The failure investigation board that’s looked into the problems which occurred on Intelsat’s I-29e satellite – which was lost in April and was valued at $381.6 million – has concluded that an “electrostatic discharge aggravated by a harness flaw on the spacecraft, or a micro meteor strike”.
Intelsat says: “The failure review board concluded that the anomaly was either caused by a harness flaw in conjunction with an electrostatic discharge event related to solar weather activity, or the impact of a micro meteoroid.”
The failure committee included Boeing staff who built the satellite.
Intelsat 29e was launched January 27th 2016, aboard an Ariane 5 rocket from French Guiana for a planned 15-year mission. Based on the Boeing 702MP satellite design, Intelsat 29e was positioned in geostationary orbit at 50 degrees West.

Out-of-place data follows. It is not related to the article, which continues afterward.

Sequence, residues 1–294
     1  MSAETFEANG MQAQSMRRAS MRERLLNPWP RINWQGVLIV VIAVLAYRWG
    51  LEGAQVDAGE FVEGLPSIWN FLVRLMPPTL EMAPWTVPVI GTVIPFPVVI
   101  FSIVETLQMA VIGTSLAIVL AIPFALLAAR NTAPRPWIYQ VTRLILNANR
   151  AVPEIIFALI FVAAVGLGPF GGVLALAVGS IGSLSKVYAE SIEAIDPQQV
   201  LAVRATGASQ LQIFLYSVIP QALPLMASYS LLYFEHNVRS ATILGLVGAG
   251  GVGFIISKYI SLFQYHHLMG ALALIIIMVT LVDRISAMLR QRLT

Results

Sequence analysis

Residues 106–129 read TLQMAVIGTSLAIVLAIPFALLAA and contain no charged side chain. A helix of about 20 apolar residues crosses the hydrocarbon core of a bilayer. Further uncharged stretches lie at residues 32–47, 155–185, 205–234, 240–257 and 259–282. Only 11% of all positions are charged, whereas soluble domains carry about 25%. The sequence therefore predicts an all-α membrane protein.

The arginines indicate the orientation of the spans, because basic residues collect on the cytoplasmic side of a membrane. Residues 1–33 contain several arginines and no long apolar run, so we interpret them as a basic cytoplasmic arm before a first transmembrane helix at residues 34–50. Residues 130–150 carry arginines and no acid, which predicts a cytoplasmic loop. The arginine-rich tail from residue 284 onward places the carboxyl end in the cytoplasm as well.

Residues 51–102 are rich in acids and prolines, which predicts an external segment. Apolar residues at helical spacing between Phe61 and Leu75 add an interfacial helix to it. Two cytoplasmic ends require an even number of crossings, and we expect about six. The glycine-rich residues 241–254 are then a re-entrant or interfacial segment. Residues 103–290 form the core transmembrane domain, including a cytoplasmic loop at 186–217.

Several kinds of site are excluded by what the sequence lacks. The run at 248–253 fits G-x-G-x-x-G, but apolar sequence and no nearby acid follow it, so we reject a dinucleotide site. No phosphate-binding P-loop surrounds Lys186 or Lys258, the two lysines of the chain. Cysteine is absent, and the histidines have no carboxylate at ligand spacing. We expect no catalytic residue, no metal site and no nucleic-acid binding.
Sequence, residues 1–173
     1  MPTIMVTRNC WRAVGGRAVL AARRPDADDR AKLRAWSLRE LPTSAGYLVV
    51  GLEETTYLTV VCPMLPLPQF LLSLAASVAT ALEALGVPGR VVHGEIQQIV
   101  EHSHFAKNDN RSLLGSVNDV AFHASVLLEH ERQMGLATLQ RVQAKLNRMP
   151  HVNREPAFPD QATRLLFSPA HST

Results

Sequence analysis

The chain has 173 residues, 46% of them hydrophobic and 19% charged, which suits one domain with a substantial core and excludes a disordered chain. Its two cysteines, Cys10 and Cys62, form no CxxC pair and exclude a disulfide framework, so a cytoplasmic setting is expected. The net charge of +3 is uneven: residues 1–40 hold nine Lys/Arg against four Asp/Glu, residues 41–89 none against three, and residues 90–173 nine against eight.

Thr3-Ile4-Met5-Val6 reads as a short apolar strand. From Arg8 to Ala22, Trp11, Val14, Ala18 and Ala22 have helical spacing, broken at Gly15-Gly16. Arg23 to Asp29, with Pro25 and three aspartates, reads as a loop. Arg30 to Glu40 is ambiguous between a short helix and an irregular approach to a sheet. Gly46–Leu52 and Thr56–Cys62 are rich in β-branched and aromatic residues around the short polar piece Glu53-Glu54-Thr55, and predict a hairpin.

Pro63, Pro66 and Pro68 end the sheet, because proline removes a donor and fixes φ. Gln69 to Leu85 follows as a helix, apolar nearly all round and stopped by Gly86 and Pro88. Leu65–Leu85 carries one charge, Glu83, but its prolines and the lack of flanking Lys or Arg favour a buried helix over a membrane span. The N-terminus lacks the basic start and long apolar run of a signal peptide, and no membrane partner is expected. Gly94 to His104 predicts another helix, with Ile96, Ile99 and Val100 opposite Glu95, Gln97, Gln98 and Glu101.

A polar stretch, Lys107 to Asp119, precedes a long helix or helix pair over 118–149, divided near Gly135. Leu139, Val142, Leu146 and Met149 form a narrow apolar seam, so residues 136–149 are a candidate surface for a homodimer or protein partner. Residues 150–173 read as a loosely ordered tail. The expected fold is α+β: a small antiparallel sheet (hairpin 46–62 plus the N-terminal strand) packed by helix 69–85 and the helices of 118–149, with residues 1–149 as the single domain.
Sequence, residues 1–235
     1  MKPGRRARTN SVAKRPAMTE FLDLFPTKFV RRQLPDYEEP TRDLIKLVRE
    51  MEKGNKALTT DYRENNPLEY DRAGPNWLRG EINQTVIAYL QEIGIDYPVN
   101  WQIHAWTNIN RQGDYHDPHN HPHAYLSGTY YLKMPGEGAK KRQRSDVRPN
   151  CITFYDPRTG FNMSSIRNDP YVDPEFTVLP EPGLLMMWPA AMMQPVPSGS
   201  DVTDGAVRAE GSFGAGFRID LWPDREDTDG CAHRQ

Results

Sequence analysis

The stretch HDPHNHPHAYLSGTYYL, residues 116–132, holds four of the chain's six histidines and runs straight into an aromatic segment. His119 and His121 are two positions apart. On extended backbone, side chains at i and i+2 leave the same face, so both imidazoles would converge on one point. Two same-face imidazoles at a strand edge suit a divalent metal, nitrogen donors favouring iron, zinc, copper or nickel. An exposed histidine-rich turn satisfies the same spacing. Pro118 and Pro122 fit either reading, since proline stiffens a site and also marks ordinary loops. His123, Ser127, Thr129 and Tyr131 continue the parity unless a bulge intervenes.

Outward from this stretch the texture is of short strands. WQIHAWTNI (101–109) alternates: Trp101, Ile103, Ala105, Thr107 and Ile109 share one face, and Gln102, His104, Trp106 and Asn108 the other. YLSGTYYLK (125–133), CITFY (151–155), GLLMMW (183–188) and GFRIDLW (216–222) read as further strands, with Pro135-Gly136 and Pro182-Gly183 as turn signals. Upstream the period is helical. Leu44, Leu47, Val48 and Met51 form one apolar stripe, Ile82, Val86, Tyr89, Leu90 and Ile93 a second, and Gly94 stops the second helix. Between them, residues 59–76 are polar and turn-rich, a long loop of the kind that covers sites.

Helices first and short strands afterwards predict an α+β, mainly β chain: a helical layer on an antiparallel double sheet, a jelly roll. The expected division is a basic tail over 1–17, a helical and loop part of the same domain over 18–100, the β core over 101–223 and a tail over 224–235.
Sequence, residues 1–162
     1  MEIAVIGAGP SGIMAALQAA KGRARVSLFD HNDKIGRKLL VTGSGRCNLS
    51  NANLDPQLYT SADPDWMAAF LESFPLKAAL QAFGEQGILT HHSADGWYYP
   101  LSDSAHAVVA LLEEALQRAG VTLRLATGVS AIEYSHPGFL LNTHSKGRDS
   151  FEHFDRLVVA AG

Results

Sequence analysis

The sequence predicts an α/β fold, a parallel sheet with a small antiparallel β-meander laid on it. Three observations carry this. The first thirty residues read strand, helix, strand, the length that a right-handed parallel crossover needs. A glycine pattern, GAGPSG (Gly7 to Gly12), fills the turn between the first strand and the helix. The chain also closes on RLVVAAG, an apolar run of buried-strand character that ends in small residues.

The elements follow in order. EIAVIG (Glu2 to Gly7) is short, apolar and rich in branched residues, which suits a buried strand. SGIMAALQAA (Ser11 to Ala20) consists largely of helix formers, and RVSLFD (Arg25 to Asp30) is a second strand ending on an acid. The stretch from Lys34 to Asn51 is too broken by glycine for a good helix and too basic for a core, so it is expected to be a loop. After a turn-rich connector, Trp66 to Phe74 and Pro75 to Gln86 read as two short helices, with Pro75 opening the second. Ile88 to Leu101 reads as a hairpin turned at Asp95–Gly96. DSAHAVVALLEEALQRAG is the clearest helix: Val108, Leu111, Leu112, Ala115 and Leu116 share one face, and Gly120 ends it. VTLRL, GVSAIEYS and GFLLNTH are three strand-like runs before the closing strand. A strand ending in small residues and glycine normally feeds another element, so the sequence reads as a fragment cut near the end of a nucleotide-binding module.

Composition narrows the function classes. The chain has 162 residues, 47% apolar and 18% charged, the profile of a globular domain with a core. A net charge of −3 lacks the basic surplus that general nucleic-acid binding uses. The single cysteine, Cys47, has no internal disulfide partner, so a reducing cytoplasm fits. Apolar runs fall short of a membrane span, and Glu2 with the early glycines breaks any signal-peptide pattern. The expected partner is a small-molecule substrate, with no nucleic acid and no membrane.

Intelsat said there is a very low risk of any similar event affecting the Boeing 702MP craft in its fleet.
Richard Esposito, a Boeing spokesperson, said the company is “incorporating information gained from the investigation” into the Intelsat 29e failure to other spacecraft under construction at the Boeing satellite production line in El Segundo, California, “as a normal course of business.”
Intelsat is looking actively at how best to replace I-29e, including cooperation with other operators to bring near-term capacity into the fleet.